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Combating Post-Traumatic Stress: Coming back ''home''
Enlightenment - The Transcendental Meditation Magazine Translate This Article
21 December 2011
Although Iraq war veteran David George had mostly healed from the physical wounds of combat when he was discharged in 2005, months after returning home he began to recognize the devastating impact of the trauma of war on his health and well-being. Here he describes how through his practice of the Transcendental Meditation Programme his feelings of constant anxiety disappeared and he became a more caring, helpful, and creative person:
I was injured in an attack that harmed me not only physically, but mentally as well. The car-bomb attack on my small compound that left a hole only a few feet deep in the road left a gaping hole in who I was. It was towards the end of my time spent in Iraq, so I didn't know the event had affected me until long after I returned home. I was diagnosed with Post-Traumatic Stress Disorder (PTSD) several months after returning to the States and was given medications to deal with it, but they made me feel not like myself, so I never took them for long.
Returning to civilian life
My civilian life after the military was what it was supposed to be. The ''Army Man'' was back in town and he was trying to pick up the life he left behind. . . . I got my dream sports car and started working and going to school full-time. . . .
I realized after a couple years that something was missing still. After getting out of the military and trying to be the ''perfect citizen'' something happened. I snapped and officially recognized that something was wrong with the way I was functioning. I threw away everything I had worked so hard to achieve up to this point and began to withdraw myself from life. I began abusing substances and drinking to try to control my PTSD.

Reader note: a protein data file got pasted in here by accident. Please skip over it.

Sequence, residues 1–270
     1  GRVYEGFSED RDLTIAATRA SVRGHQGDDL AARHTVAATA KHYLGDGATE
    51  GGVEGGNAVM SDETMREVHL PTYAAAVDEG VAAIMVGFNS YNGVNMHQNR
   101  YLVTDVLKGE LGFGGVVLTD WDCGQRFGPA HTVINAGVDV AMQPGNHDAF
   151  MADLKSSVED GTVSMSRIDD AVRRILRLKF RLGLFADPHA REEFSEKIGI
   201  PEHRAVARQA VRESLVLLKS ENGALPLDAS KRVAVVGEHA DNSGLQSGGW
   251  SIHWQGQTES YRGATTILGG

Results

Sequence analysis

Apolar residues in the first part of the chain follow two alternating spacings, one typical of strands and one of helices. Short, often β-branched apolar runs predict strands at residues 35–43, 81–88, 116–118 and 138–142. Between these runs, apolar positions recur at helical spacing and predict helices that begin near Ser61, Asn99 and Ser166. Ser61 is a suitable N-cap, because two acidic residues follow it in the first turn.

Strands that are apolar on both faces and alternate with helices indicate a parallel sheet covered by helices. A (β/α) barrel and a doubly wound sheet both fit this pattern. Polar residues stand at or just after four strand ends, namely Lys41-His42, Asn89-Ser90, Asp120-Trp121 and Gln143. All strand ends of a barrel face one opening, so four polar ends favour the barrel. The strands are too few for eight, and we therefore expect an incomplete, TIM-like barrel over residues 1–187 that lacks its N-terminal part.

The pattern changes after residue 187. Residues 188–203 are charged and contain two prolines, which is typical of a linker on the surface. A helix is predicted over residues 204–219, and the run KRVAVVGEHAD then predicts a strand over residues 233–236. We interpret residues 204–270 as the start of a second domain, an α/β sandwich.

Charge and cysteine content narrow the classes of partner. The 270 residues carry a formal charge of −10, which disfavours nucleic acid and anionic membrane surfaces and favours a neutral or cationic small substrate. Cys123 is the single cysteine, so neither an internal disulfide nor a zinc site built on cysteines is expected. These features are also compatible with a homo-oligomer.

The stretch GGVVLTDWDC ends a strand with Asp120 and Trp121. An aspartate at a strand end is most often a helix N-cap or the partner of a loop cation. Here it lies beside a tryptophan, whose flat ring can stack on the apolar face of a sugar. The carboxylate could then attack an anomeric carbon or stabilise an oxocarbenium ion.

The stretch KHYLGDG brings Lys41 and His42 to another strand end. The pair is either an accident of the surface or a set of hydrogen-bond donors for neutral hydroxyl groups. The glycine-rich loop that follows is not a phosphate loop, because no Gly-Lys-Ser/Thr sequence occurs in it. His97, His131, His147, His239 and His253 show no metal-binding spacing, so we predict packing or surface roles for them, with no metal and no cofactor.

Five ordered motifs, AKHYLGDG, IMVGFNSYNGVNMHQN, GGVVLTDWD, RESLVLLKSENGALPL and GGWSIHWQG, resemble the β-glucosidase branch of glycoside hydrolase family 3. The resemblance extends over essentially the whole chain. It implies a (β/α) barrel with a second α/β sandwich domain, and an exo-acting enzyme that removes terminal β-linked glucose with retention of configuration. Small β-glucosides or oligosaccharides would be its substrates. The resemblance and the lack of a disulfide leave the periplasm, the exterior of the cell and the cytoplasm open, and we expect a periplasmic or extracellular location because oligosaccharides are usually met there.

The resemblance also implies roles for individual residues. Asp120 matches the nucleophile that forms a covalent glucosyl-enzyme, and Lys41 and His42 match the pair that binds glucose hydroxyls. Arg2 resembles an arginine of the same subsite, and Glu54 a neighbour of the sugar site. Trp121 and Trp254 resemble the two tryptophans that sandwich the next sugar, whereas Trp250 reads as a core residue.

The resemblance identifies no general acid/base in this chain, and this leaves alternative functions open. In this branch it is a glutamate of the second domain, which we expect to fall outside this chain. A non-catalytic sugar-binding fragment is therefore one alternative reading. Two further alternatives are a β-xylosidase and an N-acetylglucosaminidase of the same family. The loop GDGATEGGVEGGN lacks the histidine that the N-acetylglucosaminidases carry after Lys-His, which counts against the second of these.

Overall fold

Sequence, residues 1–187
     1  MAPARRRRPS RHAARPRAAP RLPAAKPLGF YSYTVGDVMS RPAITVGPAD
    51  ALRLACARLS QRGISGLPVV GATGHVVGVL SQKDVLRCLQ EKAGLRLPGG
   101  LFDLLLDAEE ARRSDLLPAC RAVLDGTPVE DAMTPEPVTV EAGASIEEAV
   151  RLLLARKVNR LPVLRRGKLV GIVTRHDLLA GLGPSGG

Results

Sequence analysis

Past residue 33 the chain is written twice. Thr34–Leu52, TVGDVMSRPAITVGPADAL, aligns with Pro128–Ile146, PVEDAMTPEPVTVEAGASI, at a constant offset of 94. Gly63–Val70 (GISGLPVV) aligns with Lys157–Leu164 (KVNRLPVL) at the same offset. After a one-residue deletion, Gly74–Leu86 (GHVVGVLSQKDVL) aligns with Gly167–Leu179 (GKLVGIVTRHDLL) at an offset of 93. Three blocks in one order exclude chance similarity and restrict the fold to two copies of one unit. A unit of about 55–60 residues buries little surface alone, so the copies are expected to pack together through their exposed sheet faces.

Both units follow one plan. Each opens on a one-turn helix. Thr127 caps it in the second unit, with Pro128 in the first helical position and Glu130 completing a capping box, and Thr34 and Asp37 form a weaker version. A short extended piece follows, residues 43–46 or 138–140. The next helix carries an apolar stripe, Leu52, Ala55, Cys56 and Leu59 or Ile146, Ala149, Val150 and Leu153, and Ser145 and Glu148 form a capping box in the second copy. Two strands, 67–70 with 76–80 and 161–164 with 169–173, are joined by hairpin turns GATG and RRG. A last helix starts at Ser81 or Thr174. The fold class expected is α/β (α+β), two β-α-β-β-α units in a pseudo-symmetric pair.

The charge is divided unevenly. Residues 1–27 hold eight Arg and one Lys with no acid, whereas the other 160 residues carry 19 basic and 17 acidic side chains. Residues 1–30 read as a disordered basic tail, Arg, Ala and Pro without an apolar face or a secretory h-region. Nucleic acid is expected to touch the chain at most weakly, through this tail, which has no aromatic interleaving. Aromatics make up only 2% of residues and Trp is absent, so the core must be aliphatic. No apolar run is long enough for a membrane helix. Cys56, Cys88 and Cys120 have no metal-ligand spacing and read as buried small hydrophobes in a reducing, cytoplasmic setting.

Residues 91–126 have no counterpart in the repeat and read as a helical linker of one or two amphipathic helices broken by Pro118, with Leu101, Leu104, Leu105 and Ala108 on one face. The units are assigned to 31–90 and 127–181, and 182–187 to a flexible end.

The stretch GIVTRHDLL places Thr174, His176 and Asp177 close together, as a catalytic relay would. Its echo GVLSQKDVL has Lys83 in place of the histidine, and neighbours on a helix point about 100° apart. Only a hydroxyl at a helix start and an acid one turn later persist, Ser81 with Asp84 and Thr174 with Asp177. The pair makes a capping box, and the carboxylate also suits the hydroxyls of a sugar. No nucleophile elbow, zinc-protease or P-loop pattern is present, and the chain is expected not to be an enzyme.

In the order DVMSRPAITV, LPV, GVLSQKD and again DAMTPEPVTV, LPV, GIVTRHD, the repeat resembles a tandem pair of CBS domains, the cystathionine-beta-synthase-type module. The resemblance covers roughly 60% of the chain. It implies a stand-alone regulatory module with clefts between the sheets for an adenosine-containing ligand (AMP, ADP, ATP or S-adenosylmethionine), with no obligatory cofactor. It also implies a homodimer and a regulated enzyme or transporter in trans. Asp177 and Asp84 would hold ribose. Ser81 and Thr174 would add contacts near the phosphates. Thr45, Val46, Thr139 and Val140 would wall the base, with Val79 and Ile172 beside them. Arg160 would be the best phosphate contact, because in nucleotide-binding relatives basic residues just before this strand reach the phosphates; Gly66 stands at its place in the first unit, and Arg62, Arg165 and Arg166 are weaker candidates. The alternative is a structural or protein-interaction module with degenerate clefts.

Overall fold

I went back and forth to the Veterans Administration (V.A.) to try to get help, but all they wanted to give me were the mind-numbing medications they prescribed while I was in the army. The kind of medications they would give me would rob me of my creativity and, in essence, of who I was. For example, I stopped playing my guitar, writing poetry, writing standup comedy, and experiencing the simple pleasures of life. This went on for almost three years, with occasional glimmers of hope. During one such glimmer, I was attending community college.
The road back: Healing from within
One day during my drive between the Montgomery County College campuses, I heard an ad on the radio that said: ''Capitol Clinical Researchers and Associates are looking for OIF/OEF veterans with PTSD to partake in a research study that looks at the effects of the Transcendental Meditation program on PTSD.''
I was IN! I had a friend whose whole family meditated. They had told me about the TM program years ago, and they are the reason I am getting my Bachelors in Media and Communications here at Maharishi University of Management (MUM) in Fairfield, Iowa. [I learned] how to meditate on April 20, 2009.
A fresh start
The first time I meditated I experienced this relief from the constant anxiety attack my life had become. When I meditated, it stopped. I just felt completely relaxed for the first time in five years. . . .
Global Good News will feature Part 2 of David George's story.
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